LONDON (Reuters) – British property funds are set to remain frozen for months as the market is impossible to value due to the coronavirus crisis, and some may need to change structure to survive, industry sources say.
FILE PHOTO: Empty offices are seen as the spread of the coronavirus disease (COVID-19) continues, in London, Britain March 19, 2020. REUTERS/Dylan Martinez/File Photo
Ten big open-ended property funds tracked by Morningstar, with a total of 6.5 billion pounds under management, stopped investors from getting their money out in mid March, saying valuers could not accurately assess real estate assets in a plunging economy.
With question marks over the future of office working, the retail industry in crisis and the housing market only just reopening, the price of property is set for a major readjustment, but a dearth of transactions means the scale of change is still unclear.
“This is a crisis unlike any other,” said Ben Sanderson, a director at Hermes Real Estate Investment Management
“In the short term, it’s going to be hugely challenging.”
Many of the Morningstar-tracked funds are aimed at retail investors who could take their money out daily, managed by household names like Aviva (AV.L) and Legal & General (LGEN.L).
Such funds also suspended during the 2008/09 financial crisis and after the 2016 Brexit vote because their hard-to-sell assets meant they could not meet daily redemption requests.
But this crisis has extended further into the 70 billion pound UK property fund sector.
For the first time, funds aimed at institutional investors like charities and pension funds have also locked their doors.
These funds typically only allow redemptions monthly or quarterly.
Twenty of the 29 institutional-focused funds in the MSCI/AREF UK All Balanced Property Fund Index have suspended or deferred redemption payments, according to a Reuters survey, including funds managed by BlackRock (BLK.N), Federated Hermes (FHI.N), Savills and Schroders (SDR.L).
Three with different structures have remained open and six did not respond to requests for comment.
Industry sources said it was unlikely funds would unfreeze before September, and what happens then is unclear.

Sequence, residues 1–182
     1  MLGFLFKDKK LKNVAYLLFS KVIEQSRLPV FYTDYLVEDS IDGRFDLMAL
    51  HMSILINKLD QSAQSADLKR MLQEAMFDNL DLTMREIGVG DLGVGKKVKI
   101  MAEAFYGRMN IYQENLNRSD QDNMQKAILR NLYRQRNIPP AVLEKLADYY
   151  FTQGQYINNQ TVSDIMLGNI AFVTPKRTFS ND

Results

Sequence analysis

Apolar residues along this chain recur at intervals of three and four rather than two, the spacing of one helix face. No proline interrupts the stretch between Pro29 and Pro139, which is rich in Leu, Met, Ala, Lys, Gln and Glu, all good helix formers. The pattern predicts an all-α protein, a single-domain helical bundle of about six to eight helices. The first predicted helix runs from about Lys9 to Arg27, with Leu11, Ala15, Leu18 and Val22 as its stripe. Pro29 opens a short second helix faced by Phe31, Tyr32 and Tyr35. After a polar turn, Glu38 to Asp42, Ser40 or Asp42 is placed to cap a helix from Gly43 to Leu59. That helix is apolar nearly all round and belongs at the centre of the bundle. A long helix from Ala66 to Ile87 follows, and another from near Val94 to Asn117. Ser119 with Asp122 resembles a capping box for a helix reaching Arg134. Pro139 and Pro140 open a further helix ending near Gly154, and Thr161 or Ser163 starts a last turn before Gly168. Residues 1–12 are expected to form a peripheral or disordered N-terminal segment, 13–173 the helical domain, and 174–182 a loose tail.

Suspensions enable funds to treat customers equally, preventing a rush for the exits which means slow movers get a lower price for their investments.
The funds say these suspensions are related to valuation problems and, unusually, do not follow a flood of redemption requests.
However, Morningstar data shows 126 million pounds left the top funds it tracks in the first half of March before they suspended, compared with 103 million for the whole of February and 43 million in January.
Investors may flee once funds reopen.
“Suspensions damage the confidence of investors,” said Ryan Hughes, head of active portfolios at investment platform AJ Bell.
Retail funds say they have high levels of cash, helping them cope with any redemptions.
Institutional funds say their investors take a long view, and will continue to favour real estate for diversification and yield.
But for those funds which do need to sell assets to raise cash, it will be difficult.
Jessica Berney, manager of the 2.6 billion pound Schroder UK Real Estate Fund, said the fund had completed three large transactions since the virus outbreak, but there have been no new deals in the market since then.
Buyers are waiting – Ronald Dickerman, president of U.S. property investor Madison, said the firm would like to “provide liquidity” to the funds’ investors – but sources say any sales would likely be at discounted prices.
Funds could close if they cannot meet redemption requests. Veteran UK investor Neil Woodford’s equity income fund suspended trading last June before closing in October.
To avoid future suspensions, funds may change structure.
Alastair Sewell, senior director, fund and asset management at ratings agency Fitch, said regulatory pressure could see funds follow peers in countries like Finland or Germany, where real estate investors must hold investments for anything from three months to two years.
Funds could also become investment trusts, which contain a fixed number of units.
Reporting by Carolyn Cohn; Editing by Mark Potter